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Overall I enjoyed my Bleecker St. burger. They claim to bring NYC style burgers to our London streets, but their veggie burger hails more from Kowloon than Manhattan with the flavours on show. For me, the jury’s still out when it comes to Tofu as a burger base. I’m just not sure as to whether it’s a truly innovative attempt at something new and different, or an easy meat-eaters take on what a vegetarian would eat. Ultimately though, the burger was tasty and, really, that’s all that matters.

VEGGIE BURGER RATING: 7/10

OVERALL RATING: 6.5/10

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Dirty Burger

My brother is in town for a few days, down from his first term in uni up at Leeds, so I decided to kill two birds with one stone by catching up with him over a burger. I was looking forward to visiting Dirty Burger because it seems like a place that carries a no-frills vibe about it, but still presumably puts a lot of thought into their short-but-sweet food menu. The restaurant itself, just across the road form Boxpark by Shoreditch High Street station, is more of a take-away spot but they do have a bar running along the outside of the restaurant where you can sit.

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To give an idea of just how short the menu is, Dirty Burger only serves three burgers, of which one is vegetarian.  On the board, the veggie burger held no clues as to what it entailed so I was ordering blind. Unfortunately called the Dirty Cop Out (although I imagine whoever came up with that finds it hilarious) I tried as hard as I could to only refer to is as ‘the veggie burger’. My resistance proved futile, though, as the order was shouted back to the kitchen: ‘One cheeseburger and one Cop Out!’… ha ha. We decided to get one each of the crinkle cut fries and the onion fries – the only two sides availble.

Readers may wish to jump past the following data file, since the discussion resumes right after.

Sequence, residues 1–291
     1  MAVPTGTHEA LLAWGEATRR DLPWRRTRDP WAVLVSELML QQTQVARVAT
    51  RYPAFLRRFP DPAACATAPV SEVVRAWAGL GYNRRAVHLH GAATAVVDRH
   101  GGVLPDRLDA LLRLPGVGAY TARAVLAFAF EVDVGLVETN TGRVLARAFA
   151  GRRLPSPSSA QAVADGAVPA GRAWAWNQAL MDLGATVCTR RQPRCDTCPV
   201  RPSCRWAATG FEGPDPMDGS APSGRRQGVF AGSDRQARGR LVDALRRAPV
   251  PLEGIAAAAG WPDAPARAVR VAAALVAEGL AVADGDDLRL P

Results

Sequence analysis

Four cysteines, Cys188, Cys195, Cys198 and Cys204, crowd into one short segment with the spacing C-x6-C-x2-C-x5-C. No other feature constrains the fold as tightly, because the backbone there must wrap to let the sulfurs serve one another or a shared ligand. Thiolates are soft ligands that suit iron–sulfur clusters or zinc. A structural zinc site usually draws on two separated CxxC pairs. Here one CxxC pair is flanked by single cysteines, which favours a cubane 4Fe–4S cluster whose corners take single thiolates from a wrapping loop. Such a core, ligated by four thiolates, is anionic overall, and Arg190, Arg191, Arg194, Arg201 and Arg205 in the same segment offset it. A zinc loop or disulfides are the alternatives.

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My first impression of the burger itself was that it was smaller that the usual. Also, just by looking at it I still couldn’t tell what it consisted of. The first thing I noticed was a disk of something hard and fried so I thought maybe a fritter, but on closer inspection (and a peak inside) I realise it was a mushroom covered in fried cheese! Taking a bite into it provided a surprisingly large burst of flavour for something so small. The cheese – smoked applewood – had been fried over and around the mushroom and it certainly packed a punch. A few slices of gherkin and a bunch of rocket were thrown in to counter the grease without much success, but the taste of the rocket worked well with the mushroom.